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I have been facing something new issue. SP_OAMethod is causing blocking with other normal queries. I have a procedure which includes select queries, and insert, update queries with begin transaction and end transaction respectively. I have checked if any query with missing nolock statement. But I found no missing query without any nolock statement. Later I got to know that SP_OAMethod is the actual culprit which is the headblocker. Could anyone please help me fix this issue?

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  • "SP_OAMethod is causing blocking with other normal queries." - You've determined this how? "But I found no missing query without any nolock statement." - This is bad. You shouldn't use the NOLOCK hint at all.
    – J.D.
    Feb 12 at 13:14
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    I, personally, wouldn't use sp_OA* methods. dba.stackexchange.com/questions/333366/… Feb 12 at 14:41
  • @J.D. Well, if we stop using NOLOCK hint, how can we avoid blocking?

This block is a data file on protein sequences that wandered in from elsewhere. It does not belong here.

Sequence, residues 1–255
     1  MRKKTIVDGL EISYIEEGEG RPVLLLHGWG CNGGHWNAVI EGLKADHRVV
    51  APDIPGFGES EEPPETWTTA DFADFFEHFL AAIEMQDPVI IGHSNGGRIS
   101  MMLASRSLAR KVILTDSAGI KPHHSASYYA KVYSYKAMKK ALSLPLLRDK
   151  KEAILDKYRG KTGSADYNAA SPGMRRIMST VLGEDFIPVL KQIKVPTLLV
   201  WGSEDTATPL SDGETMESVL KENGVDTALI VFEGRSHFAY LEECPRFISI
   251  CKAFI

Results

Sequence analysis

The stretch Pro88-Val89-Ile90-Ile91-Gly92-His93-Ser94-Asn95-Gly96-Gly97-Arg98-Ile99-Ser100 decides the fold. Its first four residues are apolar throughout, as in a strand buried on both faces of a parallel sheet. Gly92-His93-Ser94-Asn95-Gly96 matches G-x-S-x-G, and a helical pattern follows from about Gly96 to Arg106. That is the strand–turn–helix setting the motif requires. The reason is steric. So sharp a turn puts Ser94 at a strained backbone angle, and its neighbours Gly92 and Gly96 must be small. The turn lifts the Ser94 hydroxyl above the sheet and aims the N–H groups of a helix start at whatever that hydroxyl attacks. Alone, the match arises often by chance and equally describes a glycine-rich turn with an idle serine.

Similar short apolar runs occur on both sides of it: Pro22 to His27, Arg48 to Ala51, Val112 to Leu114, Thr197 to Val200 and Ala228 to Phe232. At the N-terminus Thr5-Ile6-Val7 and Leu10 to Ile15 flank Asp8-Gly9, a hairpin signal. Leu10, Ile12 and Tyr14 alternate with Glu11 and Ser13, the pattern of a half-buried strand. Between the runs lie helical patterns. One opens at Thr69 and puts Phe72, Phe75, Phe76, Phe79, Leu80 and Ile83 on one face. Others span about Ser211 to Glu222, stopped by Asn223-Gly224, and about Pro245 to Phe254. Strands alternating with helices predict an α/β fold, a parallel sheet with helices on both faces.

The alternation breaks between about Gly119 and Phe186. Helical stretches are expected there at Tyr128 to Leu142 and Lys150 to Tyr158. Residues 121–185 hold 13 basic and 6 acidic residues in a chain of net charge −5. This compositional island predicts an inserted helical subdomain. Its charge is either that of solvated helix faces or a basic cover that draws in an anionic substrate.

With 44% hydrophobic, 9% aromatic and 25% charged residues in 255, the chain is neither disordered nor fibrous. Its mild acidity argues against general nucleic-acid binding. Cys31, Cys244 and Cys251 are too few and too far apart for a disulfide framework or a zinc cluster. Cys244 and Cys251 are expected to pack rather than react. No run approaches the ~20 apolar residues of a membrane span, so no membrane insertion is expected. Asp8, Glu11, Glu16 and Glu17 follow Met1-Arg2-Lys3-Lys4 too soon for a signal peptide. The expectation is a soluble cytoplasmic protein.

– dbajayy
    Feb 13 at 8:54
  • Nolock hint will not give accurate results sometimes, but we have lot many update, insert, delete statements in live DB, which are resulting in lot many blockings if we don't use NOLOCK hint
    – dbajayy
    Feb 13 at 9:32
  • @dbajayy "we have lot many update, insert, delete statements in live DB, which are resulting in lot many blockings" - The NOLOCK hint doesn't prevent blocking between those kinds of statements from each other, i.e. writers blocking writers, FWIW. "if we stop using NOLOCK hint, how can we avoid blocking?" - Use the proper isolation levels for each context of concurrency you need. If you need writers to not block readers, and visa-versa, then use an optimistic concurrency isolation level such as RCSI. Also, you didn't answer my first question but see Sean's link on why sp_OA* is bad too.
    – J.D.
    Feb 13 at 13:36

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